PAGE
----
IN THE HIGH COURT OF JUDICATURE AT BOMBAY
NAGPUR BENCH : NAGPUR
Criminal Revision Application No. 146 of 2017
Applicants : 1) Prashant son of Manmohanji Laddha, aged about 36 years, Occ: Business
2) Smt Leelabai wd/o Manmohanji Laddha, aged Major, Occ: Household
Both residents of In front of Mayor’s Bungalow,University Road, Amravati
Respondents: 1) Sau Madhuri w/o Prashant Laddha, aged about 34 years, Occ: Household
2) Ku Vidhi d/o Prashant Laddha, aged about 9 years, Occ: Student
3) Ku Ekta d/o Prashant Laddha, aged about 3 years, Student Respondents no. 2 and 3 being minor, through respondent no. 1 natural guardian-mother All residents of c/o Shri Satyanarayan Champalal Taori, Near Hotel Harmony, Gandhibag, Nagpur At present, c/o Suresh Madhukar Rathi, Hardware Shop, Main Road, Ward No. 9, Saunsar, District Chindwara, MP
Shri R. D. Wakode, Advocate for applicants
Shri B. N. Mohta, Advocate for respondents
Coram : S. B. Shukre, J Dated : 6th April 2018 Oral Judgment
1. Heard learned counsel for the parties. Admit. Heard forthwith by consent of parties.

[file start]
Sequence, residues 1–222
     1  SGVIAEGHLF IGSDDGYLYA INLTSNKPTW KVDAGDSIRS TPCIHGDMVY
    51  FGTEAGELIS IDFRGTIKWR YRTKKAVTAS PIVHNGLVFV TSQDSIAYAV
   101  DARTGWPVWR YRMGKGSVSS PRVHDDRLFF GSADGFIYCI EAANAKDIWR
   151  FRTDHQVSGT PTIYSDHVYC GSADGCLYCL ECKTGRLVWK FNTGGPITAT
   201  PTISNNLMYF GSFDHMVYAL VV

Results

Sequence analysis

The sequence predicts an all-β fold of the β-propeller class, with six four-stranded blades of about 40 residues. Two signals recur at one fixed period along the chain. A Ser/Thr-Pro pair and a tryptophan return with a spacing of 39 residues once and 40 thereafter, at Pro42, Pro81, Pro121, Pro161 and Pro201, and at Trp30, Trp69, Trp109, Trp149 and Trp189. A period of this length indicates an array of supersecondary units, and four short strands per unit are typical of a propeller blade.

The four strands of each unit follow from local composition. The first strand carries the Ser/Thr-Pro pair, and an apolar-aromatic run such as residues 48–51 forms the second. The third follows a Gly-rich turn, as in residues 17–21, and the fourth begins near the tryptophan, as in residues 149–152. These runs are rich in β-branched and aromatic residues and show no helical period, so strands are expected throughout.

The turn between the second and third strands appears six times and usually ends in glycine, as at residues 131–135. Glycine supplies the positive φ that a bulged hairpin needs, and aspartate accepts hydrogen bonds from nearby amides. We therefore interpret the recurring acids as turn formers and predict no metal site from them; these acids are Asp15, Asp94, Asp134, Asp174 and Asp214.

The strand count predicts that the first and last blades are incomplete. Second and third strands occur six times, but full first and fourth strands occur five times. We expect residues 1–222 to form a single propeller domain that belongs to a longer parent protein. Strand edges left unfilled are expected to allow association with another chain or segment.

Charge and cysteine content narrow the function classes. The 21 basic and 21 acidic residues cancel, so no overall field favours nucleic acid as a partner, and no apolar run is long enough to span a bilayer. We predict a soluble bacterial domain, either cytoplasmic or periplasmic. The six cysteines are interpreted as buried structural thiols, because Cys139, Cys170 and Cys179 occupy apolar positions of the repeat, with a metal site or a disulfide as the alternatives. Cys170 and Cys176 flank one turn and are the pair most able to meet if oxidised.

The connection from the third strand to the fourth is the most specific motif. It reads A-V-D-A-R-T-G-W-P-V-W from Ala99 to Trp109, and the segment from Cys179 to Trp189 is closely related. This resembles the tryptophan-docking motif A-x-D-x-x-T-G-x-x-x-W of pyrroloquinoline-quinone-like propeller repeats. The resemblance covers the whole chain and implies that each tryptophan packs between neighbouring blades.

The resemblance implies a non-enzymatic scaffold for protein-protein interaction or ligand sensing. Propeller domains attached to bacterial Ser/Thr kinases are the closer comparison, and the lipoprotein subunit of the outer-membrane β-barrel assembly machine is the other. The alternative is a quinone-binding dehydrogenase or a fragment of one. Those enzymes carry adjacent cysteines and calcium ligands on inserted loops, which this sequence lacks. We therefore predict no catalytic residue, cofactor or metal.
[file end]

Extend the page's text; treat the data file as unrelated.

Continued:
2. This revision application questions the legality and correctness of the order dated 27.10.2016 passed by the learned Principal District Judge, Nagpur in Criminal Appeal No. 297 of 2015, upsetting the order dated 28.10.2014 passed by the learned Judicial Magistrate, FC, Nagpur in Misc. Criminal Application No. 3538 of 2014. The learned Magistrate has held that the Court at Nagpur has no jurisdiction to try the petition under Section 12 of the Protection of Women from Domestic Violence Act, 2005 (for short, the “D.V. Act”).
3. Shri Wakode, learned counsel for the applicants submits that the impugned order is patently illegal and perverse and whereas Shri Mohta, learned counsel for the respondents submits that it is perfectly legal and proper. Shri Mohta submits that in any case, the learned Magistrate could not have dismissed the petition on the preliminary objection, without giving any opportunity to the parties to lead evidence. In support, he places his reliance upon the cases of Vijay Sudhakar Patil v. Asha Vijay Patil reported in 2015 (1) Mh. L. J. 431; Ramesh a/o Mohanlal Bhgutada, Advocate & anr v. State of Maharashtra reported in 2011 (6) Mh. L. J. 167 and Vikas Rastogee v. State of U. P. & anr reported in II (2014) DMC 470 (All).